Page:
The entire Roman Empire could be described as an economic stimulus package run amok. It conquered and grew with each conquest bringing in more booty of land, silver, gold and free labor (Slaves). And each conquest led to more conquests, and on and on ad infinitum . But the net effect of this plunder, for which no productive work was done, was only the need for more stimulus. It did not stimulate real prosperity, but instead undermined prosperity, much like the Spanish were to realize 1500 years later. First, slaves bought by rich farmers undermined the free labor market and ruined many small farmers who weren't able to compete. And then, imported wheat from the new provinces and conquered areas, caused the wheat market to collapse and affected the larger scale farmers.. Rome was by then dependent on foreign sources for its food, being a net importer for the first time by the first century AD.. In the first century AD, Roman conquests reached the tipping point of diminishing returns and the first physical effects of the downward spiral were felt. However, borders and trade routes still had to be protected, armies fed and clothed, the bureaucracy paid, pet projects built, the increasing graft of public officials, and the ever increasing demand by the public for bread and the circus. Therefore, the money had to come from somewhere, and that somewhere was out of the pockets of the productive, and also an increase of the money supply. Caesar Augustus tried to increase the money supply by having the slaves work around the clock in the silver mines to produce more silver. More silver was produced and much more coinage was seen on the street and in the vaults, but the net effect of this was inflation. Still, the leading economists and leaders of that era still were bent on fiddling with the economy and this led to Nero reducing the silver content of the coinage and a recall of money with higher silver content so it could be melted down and alloyed, causing more inflation and currency debasement. The Roman Treasury even tried a direct cash stimulus to the citizens, releasing over three million pieces of silver on to the street to kick start a depressed economy, but the result was inflation.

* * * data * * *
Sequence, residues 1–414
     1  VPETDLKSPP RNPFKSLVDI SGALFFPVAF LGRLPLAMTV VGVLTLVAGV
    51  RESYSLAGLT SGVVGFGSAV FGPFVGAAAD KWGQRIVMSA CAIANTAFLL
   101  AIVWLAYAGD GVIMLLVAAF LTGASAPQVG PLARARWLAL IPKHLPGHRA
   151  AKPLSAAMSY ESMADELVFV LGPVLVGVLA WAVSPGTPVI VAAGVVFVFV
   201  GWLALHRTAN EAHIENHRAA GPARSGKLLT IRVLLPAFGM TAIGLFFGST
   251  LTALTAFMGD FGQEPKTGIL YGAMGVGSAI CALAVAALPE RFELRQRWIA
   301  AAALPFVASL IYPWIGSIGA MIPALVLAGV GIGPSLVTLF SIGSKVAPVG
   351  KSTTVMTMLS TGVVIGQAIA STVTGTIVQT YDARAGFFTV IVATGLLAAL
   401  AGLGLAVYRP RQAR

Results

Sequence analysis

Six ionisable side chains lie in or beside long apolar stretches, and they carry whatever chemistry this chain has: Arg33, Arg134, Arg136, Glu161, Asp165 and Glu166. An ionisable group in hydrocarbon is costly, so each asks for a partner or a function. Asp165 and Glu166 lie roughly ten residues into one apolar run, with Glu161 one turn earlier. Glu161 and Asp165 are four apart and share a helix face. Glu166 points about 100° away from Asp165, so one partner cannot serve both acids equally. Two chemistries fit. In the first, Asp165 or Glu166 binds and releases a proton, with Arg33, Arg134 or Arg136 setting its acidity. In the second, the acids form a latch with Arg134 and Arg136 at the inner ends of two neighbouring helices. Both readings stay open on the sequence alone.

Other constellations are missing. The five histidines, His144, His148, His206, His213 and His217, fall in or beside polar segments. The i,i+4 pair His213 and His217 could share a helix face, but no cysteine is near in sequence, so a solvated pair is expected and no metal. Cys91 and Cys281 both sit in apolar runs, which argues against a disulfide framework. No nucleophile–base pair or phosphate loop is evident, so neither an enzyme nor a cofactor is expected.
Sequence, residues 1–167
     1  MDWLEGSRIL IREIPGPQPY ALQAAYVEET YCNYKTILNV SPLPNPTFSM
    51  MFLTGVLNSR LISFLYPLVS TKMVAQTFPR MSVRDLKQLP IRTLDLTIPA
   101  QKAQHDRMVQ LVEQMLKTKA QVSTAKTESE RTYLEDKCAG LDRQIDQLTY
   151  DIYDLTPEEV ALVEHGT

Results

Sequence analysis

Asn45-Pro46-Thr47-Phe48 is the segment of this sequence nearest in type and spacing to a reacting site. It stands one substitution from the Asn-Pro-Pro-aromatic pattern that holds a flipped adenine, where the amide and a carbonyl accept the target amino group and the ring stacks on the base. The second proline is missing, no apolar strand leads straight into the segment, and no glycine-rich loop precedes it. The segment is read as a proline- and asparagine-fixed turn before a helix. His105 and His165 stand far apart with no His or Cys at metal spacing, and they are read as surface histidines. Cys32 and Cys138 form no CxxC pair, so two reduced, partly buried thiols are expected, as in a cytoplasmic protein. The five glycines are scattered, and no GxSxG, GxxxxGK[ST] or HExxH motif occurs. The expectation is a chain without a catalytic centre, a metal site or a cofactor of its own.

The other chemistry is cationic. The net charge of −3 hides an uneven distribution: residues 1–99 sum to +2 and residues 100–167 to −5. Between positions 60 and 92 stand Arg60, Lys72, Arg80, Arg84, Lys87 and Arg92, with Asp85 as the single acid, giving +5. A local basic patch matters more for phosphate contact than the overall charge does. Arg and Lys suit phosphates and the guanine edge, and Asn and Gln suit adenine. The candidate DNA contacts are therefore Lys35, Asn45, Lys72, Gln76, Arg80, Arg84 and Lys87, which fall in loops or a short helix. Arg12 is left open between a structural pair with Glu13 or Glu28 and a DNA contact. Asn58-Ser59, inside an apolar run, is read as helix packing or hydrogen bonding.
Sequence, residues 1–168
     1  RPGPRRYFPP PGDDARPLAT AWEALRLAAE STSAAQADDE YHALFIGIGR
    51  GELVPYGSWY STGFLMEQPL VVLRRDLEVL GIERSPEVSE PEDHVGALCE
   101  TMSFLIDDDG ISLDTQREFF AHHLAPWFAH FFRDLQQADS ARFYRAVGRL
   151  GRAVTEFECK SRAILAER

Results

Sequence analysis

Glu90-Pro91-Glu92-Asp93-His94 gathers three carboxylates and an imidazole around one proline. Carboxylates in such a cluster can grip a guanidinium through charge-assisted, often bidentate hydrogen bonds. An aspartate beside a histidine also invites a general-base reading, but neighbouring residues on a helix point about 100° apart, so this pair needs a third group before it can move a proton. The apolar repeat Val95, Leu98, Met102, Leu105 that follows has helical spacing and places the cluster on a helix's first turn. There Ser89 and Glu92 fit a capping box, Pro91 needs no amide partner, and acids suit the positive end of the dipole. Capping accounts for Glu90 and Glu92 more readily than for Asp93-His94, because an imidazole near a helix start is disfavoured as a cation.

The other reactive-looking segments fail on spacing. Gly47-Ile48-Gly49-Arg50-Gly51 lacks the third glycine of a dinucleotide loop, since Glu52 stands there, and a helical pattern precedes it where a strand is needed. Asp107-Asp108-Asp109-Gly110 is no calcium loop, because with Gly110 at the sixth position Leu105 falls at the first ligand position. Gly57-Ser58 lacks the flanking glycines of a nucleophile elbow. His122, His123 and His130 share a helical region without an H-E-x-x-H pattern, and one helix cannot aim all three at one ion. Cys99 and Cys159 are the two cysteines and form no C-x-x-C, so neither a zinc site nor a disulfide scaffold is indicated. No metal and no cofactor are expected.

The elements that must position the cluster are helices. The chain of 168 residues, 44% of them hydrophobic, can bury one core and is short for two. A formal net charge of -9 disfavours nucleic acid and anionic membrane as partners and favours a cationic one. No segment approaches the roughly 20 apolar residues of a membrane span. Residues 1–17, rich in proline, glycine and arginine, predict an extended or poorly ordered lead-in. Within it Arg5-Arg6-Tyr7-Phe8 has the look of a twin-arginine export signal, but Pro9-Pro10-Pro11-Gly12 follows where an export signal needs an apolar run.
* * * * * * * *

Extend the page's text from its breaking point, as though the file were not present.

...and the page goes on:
The Edict of Diocletian in 301AD was one of the bigger blunders in the Roman Empire. In order to control the spiraling inflation, in no small part caused by his tax and spend policies, Diocletian, along with his co-emperor and fellow autocrat, Maximian, issued an edict that mandated against selling at prices above a certain level, for an entire list of staple items, with the mandatory penalty of death for violation of the edict. The law of unintended consequences caused merchants to hold back product rather than sell at a loss, and another edict against hoarding was issued, again violations of this law carrying the death penalty. Facing many business failures and a major recession, Diocletian took the ultimate step. He arbitrarily issued another edict that made it punishable by death for one to go out of business (something that would have been the end result in Atlas Shrugged had the looters prevailed), and that each son had to work at his father's occupation. Although many university scholars like to present Diocletian as a reformer, visionary, vessel of change, and good leader who was able to hold everything together, he tripled the number of laws and regulations and greatly expanded government's rule over the daily lives of the population. Diocletian was a personally greedy petty despot, making Boss Tweed look like Mother Theresa, because he had absolute authority over an entire empire. His complex holdings necessitated the need for two finance ministers, one for the empire, and one to manage his personal portfolio. He went on a hiring binge of government workers, increasing the number of lifetime civil servants in Rome from 15,000 to 60,000, although that exact number is in dispute. Along with the lifetime civil servants was a corresponding increase in clerks, scribes, accountants, and especially tax collectors. He increased the bureaucracy by dividing up states, thereby duplicating local bureaucracies on a large scale. The early Christian activist and author Lactantius claimed that there were now more men in Rome using tax money than were paying it, a condition which is starting to reappear in today's increasingly socialistic societies. The whole scene during Diocletian was reminiscent of Terry Gillam's excellent movie, Brazil. Ultimately for reasons that are in dispute among scholars, Diocletian ended up abdicating shortly after his 20th year run in power.